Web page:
Instagram and Self-Compassion

Self-Compassion, Social Media

Scroll.

Scroll.
Heart that.
Scroll.
Hate that.
Scroll.
Oh, that looks fun, wish I’d been invited to something like that.
Scroll.
How is she literally always in a different location?
Scroll.
There’s that one person who I met twice who I really only kind of envy-follow.
Sugar Bear Hair Ad.

 

This is approximately what happens in the first ten minutes of my morning everyday, and man what a way to start your day. And by “a way to start your day” I, of course, mean “propably a really terrible way to prime your emotions for the next 17 hours ahead.”

Like most people, I know I shouldn’t do this, I know I should limit screen time, and I know the deleterious effects it can have on our mood, self-image, and understanding of other people. But scrolling on social media is designed like a slot machine that keeps you around until the next like, comment, or meme happens. If you’re lucky, sometimes you even hit a real connection point with a long-distance friend or relative.

I’ve written about my own experience of going without social media for Lent (i.e. 40 days) before, and while much of that is still true (i.e. wow I use this for comparison and unrealistic expectations WAY TOO MUCH), there are other effects that I’m only now starting to notice. The highlight reel effect—i.e. when you compare your behind the scenes, unedited life to someone’s picture perfect moment—is talked about a lot, and it teaches us not to compare a perfect image to what we might look like when we wake up in the morning. I know this. However, one thing I didn’t notice until recently was the emotional highlight reel I may unknowingly compare myself against.

For the most part, especially on social media such as Instagram and Facebook, people announce achievements, parties, life events, cute dogs, and who their #MCM is. This can be a good thing, and it can act as a way for people to share the joy in their life with others. This i a good thing. However, social media conspicuously lacks any hint of negative emotion a real human might experience. It’s sharing, but it’s only sharing the pretty emotions. It’s connecting, but only at the surface level of experience that is easy or fun to accept, and this is dangerous.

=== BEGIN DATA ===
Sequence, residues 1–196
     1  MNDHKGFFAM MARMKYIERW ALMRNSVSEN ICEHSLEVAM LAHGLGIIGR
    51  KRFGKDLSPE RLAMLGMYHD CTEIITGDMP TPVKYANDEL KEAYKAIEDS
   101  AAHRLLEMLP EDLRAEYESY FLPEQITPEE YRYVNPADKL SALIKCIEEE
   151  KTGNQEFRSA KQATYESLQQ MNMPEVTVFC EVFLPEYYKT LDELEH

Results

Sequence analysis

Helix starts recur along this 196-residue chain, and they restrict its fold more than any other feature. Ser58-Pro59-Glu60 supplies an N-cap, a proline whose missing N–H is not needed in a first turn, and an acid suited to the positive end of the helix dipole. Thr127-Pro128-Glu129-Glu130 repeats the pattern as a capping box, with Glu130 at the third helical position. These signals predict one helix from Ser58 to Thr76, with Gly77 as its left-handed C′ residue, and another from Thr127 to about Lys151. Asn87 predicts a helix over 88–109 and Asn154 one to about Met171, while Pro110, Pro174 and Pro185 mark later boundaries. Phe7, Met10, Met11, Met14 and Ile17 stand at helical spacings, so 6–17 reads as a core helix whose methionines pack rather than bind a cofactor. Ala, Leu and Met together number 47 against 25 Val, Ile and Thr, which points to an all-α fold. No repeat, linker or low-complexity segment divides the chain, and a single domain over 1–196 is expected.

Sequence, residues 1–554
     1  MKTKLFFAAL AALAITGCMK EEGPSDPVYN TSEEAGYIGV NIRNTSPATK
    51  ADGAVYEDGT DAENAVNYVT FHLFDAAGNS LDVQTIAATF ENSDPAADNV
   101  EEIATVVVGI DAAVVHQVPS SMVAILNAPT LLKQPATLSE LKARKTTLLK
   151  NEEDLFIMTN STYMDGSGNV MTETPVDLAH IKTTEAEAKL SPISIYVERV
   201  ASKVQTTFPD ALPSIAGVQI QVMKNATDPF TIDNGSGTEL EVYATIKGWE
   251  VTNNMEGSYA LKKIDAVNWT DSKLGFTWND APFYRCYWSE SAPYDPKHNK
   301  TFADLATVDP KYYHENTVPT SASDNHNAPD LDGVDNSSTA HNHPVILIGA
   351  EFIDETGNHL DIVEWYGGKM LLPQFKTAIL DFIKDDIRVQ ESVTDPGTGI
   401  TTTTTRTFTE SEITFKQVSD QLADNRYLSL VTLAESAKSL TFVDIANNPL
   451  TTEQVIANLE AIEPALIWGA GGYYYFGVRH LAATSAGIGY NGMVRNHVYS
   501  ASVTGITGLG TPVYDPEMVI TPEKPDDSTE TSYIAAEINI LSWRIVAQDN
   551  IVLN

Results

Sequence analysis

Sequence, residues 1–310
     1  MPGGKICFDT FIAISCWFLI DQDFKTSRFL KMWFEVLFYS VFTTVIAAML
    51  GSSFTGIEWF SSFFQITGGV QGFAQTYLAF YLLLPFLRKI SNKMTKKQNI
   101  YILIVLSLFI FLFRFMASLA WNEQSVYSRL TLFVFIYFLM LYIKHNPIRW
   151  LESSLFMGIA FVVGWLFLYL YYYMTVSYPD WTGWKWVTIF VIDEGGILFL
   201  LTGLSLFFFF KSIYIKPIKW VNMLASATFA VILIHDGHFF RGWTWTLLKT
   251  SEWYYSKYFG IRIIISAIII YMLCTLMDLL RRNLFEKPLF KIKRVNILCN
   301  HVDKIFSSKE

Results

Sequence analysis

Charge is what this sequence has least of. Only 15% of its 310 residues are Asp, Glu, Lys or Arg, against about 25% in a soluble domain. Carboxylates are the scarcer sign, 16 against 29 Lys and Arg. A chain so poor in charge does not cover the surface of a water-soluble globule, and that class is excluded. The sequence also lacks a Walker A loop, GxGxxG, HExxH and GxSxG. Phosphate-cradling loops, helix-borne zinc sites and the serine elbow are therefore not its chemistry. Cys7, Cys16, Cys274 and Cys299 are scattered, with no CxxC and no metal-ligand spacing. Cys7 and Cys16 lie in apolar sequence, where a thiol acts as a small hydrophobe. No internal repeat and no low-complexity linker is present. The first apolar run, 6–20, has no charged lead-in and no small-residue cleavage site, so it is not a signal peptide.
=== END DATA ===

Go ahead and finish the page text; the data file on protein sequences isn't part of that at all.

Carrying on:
The lack of imperfect emotions—like sadness, jealousy, or bitterness—on social media makes sense. It’s the same way as when you first meet someone: you’re not going to lead with your scars or pains in the first five minutes of conversation. Telling people about the ugly parts is vulnerable, and you’re not going to be vulnerable with your whole newsfeed. This would be akin to getting therapy by getting on the PA system at your school and listing off your emotional wounds, 140 characters at a time. Ugly (i.e. not easy to process and hard to fix, not wrong) doesn’t feel fun to share in real life nor on social media.

The problem is not that we carry a box for sharing and a box for hiding on social media. The problem is that in real life, eventually the surface shell fades away to the vulnerable and soft underneath as two or three people become friends. In real life, we hopefully let people know that the image we once presented is actually much more deeply nuanced than our original presentation. On Instagram or facebook, the relationship doesn’t really progress to this in real life, let alone within the platform, especially when it concerns following people we don’t know in real life.

And we are innundated by it. We reach for the images and feeds whenever we have a moment alone, or are bored, or don’t want to look awkward in real life. At least, I do this. In our moments of boredom or awkwardness, we see pictures of life presented as it seemingly “should” be: life without pause, without acne or wrinkles, without loneliness or confusion, and without complications. Essentially, we see image after image of what life seems to be like for everyone else, and this life looks nothing like our own. Our own life is filled with incongruencies and is not quite as aesthetically pleasing as everyone else’s apparent lives, and we keep scrolling with the feeling that perhaps our lives and our normal daily happenings are not as good as everyone else’s.

Maybe this is true—I don’t personally know who you follow, and therefore maybe they are the one lucky human out there who truly has perfect emotions and a perfect body and a perfect life. For the grand majority of the population (i.e. like >99.5%), our daily lives have good cups of coffee and burnt eggs, scenic walks and accidentally stepping in dog shit, big accomplishments and big setbacks. And we have unpredictable emotions all along the way.

Be gentle with yourself the next time you scroll, or maybe try to not scroll at all. Have a little self-compassion as you surround yourself with perfect images—it really is okay to not feel perfect all the time, let alone look it. If and when you wake up tomorrow morning and turn to check Instagram, take it with a grain of salt and a hint of humor. Social media is where we show others what is easy to see, not where we show them what is the most true to see.

 

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